Railfan Adventures: The Maumee & Western
Maumee & Western: A retrospective on railfanning a failing shortline –
The Maumee & Western Railroad (MAW) may have been the perfect example of a poorly run railroad that continued to operate despite its owner. The MAW operated on a stretch of the former Wabash mainline between Woodburn, Indiana and Liberty Center, Ohio. The line had previously been operated by Indiana Hi-Rail but by the end of the Maumee & Western most of the line was out of use or used for car storage.
The little railroad ran short trains mostly between Defiance and Napoleon Ohio at track speeds of 5MPH and was widely known for its frequent, if normally minor, derailments. Power was provided by second hand locomotives, primarily rebuilt EMD GP-10s and GP-7us. Last year, after years of flailing about, the MAW folded and the line was taken over by Pioneer Railcorp which is based out of Michigan. Pioneer has stated that the line, which was originally built through what was once the Black Swamp, would need significant repair and upgrade and they have apparently committed to making that happen.
My interest in this line began in the late 1990s with a visit to Defiance to see the famous Indiana Hi-Rail Alco Alligators (RSD-15). At that time the property was in quite a state but it seemed like an interesting local road (about 45 min away at the time) that provided some contrast to the local giant Norfolk and Southern.
Sadly, I only got out to Defiance once to visit the High-Rail before it disappeared into Fallen Flag status. Still the line was soon being operated by the Maumee & Western and, as I ventured to Defiance at least a couple times a year, I always kept an eye out for MAW trains moving about. Years passed and I eventually began making a family which kept me out of the railfanning game for a while. Once my oldest daughter had reached an age that she began taking an interest in actual trains, I set up a daddy-daughter date to check out the MAW.
It was 0800 on 13 June 2011 when we pulled up at the Defiance yard of the Maumee & Western. We were greeted by an even more run down property, no rail activity and GP-7u CNUR #5
Finding nothing in particular to look at, we continued east to Napoleon in an attempt to catch the slow moving train which we believed to be pulled by GP-10 MAW #16. We arrived in Napoleon empty handed and after exploring the area in search of switching activity we decided to call it a day by returning home via Woodburn, IN where we caught GP-7u CNUR #7 dead to the world. Disappointed, we returned home without seeing any action on the MAW.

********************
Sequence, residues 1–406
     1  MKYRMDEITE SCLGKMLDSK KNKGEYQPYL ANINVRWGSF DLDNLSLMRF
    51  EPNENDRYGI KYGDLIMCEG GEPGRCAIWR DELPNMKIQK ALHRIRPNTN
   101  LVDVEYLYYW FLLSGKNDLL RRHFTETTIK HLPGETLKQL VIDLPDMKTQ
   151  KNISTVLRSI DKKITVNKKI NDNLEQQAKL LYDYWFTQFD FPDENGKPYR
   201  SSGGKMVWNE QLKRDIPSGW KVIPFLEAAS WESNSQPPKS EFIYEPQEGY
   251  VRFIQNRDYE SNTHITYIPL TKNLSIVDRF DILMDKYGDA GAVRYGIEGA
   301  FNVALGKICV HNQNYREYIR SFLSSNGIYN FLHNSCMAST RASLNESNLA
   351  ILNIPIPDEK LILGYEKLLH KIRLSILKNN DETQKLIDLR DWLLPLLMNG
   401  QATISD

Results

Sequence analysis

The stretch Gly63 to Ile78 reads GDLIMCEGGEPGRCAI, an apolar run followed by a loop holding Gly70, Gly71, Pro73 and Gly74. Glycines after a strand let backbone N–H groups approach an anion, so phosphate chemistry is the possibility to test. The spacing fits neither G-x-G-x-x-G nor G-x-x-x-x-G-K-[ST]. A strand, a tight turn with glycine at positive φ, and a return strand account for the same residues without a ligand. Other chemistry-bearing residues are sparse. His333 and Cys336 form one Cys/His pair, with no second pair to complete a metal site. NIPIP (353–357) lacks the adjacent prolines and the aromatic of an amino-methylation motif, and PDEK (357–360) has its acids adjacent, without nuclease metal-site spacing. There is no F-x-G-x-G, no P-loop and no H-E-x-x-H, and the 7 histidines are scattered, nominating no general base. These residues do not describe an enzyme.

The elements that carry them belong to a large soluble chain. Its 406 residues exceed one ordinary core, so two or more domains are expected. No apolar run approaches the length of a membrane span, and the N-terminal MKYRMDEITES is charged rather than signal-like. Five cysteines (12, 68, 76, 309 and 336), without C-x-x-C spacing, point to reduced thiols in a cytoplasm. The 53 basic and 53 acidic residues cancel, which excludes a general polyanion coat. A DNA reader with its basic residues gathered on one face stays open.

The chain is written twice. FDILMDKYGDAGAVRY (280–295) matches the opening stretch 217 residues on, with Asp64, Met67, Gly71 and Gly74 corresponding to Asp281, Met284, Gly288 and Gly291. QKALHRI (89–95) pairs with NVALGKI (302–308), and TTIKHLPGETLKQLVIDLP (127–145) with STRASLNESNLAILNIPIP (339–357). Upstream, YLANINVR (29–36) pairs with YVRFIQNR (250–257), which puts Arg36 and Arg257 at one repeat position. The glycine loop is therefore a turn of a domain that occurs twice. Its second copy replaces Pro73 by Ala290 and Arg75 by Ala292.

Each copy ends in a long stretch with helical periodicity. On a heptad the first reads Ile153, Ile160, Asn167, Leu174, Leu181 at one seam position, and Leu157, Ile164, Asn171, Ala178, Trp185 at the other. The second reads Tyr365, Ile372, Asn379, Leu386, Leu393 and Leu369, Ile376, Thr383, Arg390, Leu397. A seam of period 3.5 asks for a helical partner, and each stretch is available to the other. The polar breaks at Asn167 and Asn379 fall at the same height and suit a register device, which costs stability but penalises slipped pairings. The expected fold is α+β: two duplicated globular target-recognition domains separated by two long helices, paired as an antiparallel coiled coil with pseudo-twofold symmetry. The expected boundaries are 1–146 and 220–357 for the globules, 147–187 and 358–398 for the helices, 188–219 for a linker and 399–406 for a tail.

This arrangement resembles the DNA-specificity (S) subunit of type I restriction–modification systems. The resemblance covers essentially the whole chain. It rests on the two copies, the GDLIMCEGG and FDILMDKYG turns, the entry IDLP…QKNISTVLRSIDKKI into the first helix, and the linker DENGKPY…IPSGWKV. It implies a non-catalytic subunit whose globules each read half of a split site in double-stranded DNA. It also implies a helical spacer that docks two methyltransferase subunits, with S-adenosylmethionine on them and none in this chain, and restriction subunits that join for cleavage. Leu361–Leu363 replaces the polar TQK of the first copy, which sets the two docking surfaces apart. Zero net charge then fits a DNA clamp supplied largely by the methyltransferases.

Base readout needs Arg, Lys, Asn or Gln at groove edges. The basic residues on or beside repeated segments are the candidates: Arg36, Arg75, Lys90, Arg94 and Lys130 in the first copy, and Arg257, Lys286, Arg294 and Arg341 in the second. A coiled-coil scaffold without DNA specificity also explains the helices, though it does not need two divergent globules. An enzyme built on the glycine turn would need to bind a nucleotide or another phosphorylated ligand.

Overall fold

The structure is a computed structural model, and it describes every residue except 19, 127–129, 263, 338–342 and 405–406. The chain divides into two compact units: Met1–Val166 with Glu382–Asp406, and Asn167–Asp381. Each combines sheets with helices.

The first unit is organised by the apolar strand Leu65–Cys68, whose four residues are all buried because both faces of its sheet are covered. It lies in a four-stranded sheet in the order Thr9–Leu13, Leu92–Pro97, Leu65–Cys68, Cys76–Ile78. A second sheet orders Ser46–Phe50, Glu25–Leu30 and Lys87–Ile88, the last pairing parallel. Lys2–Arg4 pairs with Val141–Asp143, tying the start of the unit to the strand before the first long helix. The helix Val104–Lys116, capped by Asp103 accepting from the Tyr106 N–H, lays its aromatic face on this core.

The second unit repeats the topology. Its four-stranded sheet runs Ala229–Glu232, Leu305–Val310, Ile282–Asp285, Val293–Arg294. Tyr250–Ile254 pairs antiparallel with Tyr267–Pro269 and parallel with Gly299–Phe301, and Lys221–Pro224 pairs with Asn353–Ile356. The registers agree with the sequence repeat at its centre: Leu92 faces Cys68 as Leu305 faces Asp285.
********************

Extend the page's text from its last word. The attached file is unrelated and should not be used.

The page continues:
Fast forward to 04 June 2012 and the opportunity presented its self for my daughter and I to take another shot at the MAW. Again we arrived first thing in the morning (by MAW reckoning) and again we found no activity in the Defiance yard. We headed east towards Napoleon via back roads, in search of the train, but only found box cars here and there along the right of way. Some were at Jewell, some at Okolona, but none were moving east or west behind a locomotive (the MAW didn’t have much in the way of sidings so most cars were blocking the main). Again we arrived at Napoleon empty handed and disappointed.
We took the opportunity to poke around some maintenance of way (MOW) equipment parked near the Napoleon VFW hall and then decided to call it quits and head home via Highway 24. On our way back we spotted MAW #16 parked just west of the Flory Rd. crossing. A quick left hand turn and a jaunt back east and we found her, dead to the world, no cars or employees in sight… just an old run down locomotive parked on old run down track.
We looked around a bit and the story became clear without anyone telling it… the train had derailed again, hence the box cars spread throughout the line, and #16 had been brought to the nearest far-side crossing so a car could pick up the crew and take them home. The track around the locomotive looked deplorable even though it had recently been “fixed” and I was honestly surprised that the locomotive had made it as far away from Defiance as it did before the derailment occured, to think it was normally a 5 day a week run. Our railfanning trip that day came to an end and we once again returned home without seeing anything happen on the MAW. We never got to see the Maumee & Western actually move a train, by 2013 MAW had ceased to exist and Pioneer Railcorp had begun to repair the track and bring in reliable motive power.
The owner of the MAW simply did not want to invest the money needed to properly fix the roadbed, or track, and wasn’t interested in seeing anyone else try their hand at operating the line. It simply slipped further and further away, every bit of maintenance the MAW made was just too little too late.
Although it would have been nice to chase one the 5MPH MAW east-bounds I don’t regret taking the time to see what I could of the now dead shortline. I had a lot of fun with my daughter during those trips and we anticipate a visit to the new Napoleon, Defiance & Western which now operates over what used to be the MAW. Perhaps the ND&W can get the track up to snuff and start turning enough revenue to make a go of long term rehab of the line. In the meantime, I look forward to future visits to Defiance with my children and encouraging their growing interest in all things rail road related. May the MAW rust in peace.